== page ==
Preventing hypoglycemia in diabetes patients is the cornerstone in the management of side effects of anti-diabetic drugs, especially insulin. In order to do this successfully, you need to be able to identify hypoglycemia symptoms well. In my practice as a health care provider I now and then come across a case of an unconscious patient rushed into the emergency room accompanied by anxious relatives.
History taking would reveal a known diabetic patient on treatment who had had an excessive physical activity, a loss of appetite, or even poor sight. Preliminary assessment will show a blood glucose reading of less than 3,9 mmol (70mg/dl), a hypoglycemic urgency.
It is highly imperative that people on anti-diabetic drugs and their family members should know what can cause hypoglycemia and how to tell when they are in a hypoglycemic state.
Before looking at how to prevent the occurrence of hypoglycemia we should naturally consider what really causes the problem at first. Preventing the problem is better than having to deal with it, you know! The most common cause of hypoglycemia in diabetic people is when a person has injected too much insulin. This may happen for two reasons. The patient may draw too much insulin into the syringe, mostly due to poor sight as in the elderly, or they did not eat enough between their insulin doses.
Either way, this usually leads to an emergency situation where acting quick makes a difference between life and death. Here it is very important for family members, friends and colleagues to know how to recognize a hypoglycemia symptoms and what to do. The symptoms of hypoglycemia are outlined below.
Other hypoglycemia causes:
Some medications, like quinine (used to treat malaria) may trigger a serious drop in blood glucose leading to hypoglycemia.
This is the most common cause of hypoglycemia in non-diabetic people. Alcohol has the capacity to inhibit the liver’s ability to release glucose into the blood. The liver stores excess glucose in the body, releasing it when there is a need for more glucose. The body needs this when the person has not eaten enough, something very common in alcohol abuse.
This is significant for especially diabetic people on insulin because it can mean that the liver is not able to release enough glucose to maintain the blood glucose levels until the next meal.
More or less the same with alcohol abuse, some liver diseases like hepatitis can negatively affect the liver’s ability to release glucose.
Some kidney disorders
The kidneys metabolize and eliminate from the body all medications that enter the body. If the kidneys do not function well then medications like insulin stay in the body for longer, leading to undesirable drug effects.
Mild hypoglycemia Symptoms
This is the earliest and the most common sign of low blood sugar. It is the body’s way of reminding us to ‘fill up’. It commonly happens after one skips a meal. If this first sign is ignored the blood sugar levels drop further and the following will be experienced (not in any order):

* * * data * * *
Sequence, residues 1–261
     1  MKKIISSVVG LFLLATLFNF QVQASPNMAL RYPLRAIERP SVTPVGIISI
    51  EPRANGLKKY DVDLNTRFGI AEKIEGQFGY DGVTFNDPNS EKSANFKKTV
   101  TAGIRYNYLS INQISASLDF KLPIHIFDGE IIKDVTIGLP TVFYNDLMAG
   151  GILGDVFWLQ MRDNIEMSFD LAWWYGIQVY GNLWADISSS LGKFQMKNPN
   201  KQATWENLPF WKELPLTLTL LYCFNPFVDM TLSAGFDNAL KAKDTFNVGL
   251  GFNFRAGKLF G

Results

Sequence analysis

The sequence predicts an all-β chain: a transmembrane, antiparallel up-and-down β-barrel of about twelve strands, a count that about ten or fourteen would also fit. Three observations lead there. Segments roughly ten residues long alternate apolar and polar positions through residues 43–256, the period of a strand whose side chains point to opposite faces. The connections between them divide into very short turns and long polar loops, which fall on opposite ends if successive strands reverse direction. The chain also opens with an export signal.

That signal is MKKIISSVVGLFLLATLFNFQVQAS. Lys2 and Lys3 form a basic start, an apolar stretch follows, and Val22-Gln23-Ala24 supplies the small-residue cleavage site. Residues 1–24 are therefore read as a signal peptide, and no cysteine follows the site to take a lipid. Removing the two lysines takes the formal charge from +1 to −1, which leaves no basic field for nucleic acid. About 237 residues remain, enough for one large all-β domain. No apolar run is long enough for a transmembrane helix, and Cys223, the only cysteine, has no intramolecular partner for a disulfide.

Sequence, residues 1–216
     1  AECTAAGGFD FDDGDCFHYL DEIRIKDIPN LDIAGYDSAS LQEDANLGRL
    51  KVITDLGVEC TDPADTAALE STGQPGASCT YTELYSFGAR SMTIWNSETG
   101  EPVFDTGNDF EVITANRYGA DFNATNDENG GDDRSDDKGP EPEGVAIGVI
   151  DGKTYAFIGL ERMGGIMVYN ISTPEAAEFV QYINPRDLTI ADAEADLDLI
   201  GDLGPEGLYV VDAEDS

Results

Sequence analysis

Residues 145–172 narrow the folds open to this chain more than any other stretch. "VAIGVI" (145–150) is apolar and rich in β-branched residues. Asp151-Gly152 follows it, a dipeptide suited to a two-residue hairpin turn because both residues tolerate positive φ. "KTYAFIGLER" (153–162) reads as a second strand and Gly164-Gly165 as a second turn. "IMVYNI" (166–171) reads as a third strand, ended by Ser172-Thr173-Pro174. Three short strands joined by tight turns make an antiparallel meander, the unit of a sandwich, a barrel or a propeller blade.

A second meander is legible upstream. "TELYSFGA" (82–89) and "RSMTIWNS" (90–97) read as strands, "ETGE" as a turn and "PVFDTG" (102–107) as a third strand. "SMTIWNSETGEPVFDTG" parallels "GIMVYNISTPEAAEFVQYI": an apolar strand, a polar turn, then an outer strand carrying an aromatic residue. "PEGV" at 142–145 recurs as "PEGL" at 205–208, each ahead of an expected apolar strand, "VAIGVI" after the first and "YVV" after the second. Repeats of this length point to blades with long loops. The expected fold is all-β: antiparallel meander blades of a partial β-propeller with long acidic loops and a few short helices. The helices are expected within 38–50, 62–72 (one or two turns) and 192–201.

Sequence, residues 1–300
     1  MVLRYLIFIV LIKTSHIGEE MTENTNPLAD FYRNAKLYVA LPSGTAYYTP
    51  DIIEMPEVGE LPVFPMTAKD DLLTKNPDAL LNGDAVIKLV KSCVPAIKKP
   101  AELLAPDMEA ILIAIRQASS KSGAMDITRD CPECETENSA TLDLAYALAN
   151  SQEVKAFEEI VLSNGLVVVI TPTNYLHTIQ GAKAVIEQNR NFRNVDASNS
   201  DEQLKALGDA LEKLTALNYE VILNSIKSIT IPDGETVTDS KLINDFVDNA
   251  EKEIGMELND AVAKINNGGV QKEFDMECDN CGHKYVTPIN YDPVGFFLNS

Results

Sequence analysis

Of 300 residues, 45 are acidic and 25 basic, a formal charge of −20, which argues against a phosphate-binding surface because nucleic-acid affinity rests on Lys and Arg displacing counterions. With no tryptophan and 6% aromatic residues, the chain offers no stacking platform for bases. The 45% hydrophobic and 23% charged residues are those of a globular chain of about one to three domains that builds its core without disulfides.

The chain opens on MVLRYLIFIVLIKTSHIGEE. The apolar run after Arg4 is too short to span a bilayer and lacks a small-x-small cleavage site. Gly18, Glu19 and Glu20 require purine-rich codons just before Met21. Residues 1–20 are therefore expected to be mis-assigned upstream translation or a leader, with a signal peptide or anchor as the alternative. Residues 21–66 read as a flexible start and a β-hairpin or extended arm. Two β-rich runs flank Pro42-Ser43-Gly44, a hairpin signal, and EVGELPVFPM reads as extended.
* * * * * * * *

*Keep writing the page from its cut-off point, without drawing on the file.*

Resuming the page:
- Tremor (trembling/shakiness)
- Heart palpitations
- Accelerated heart rate
- Tingling lips
More serious hypoglycemia symptoms
Hypoglycemia can also happen when one is asleep, especially if caused by alcohol abuse. Therefore, in this case the patient may not be able to realize that something is wrong with them. It is typically in such cases that mild low blood sugar can drop to dangerous levels.
Here are some of the more serious hypoglycemia symptoms:
- Struggling to concentrate
- Irrational behavior
Normally, the first vital organ to suffer is the brain. This is because the brain needs a continuous supply of glucose to function. The brain does not store glucose, it depends on constant supply of glucose and oxygen from other body organs.
The signs and symptoms that are listed above may be caused by other illnesses or conditions. The only way to be sure it is hypoglycemia is with a blood sugar test.
How to prevent hypoglycemia
Check blood glucose levels on regular basis
This is the only sure way to know when you are having hypoglycemia. It involves having the right type of glucometer and knowing how to use it properly. Make sure that you check your blood sugar levels regularly and whenever you don’t feel well. Lastly, know how to prevent hypoglycemia.
Do not skip meals
Ensure that you keep to your eating routine, don’t skip meals. At the same time, ensure that you eat healthy. It would even prove beneficial to always carry something small to eat in case suspect the symptoms of low blood sugar.
Be careful with alcohol
Remember that a heavy drinking session can trigger hypoglycemia, so avoid them. If you have had a drink eat something before going to sleep. Remember, hypoglycemia is even more fatal when you are asleep.
Exercise with moderation
Make sure you eat something before you do any exercise, especially excessive exercise. It would even be better to check the blood sugar level and know you have enough glucose in the body. Exercise in moderation, always guarding against the hypoglycemia symptoms.
Inform people you spent time with
Hypoglycemia can easily lead to loss of consciousness in a very short space of time. When people around you know about your condition they will always take an appropriate, speedy action help you and safe your life.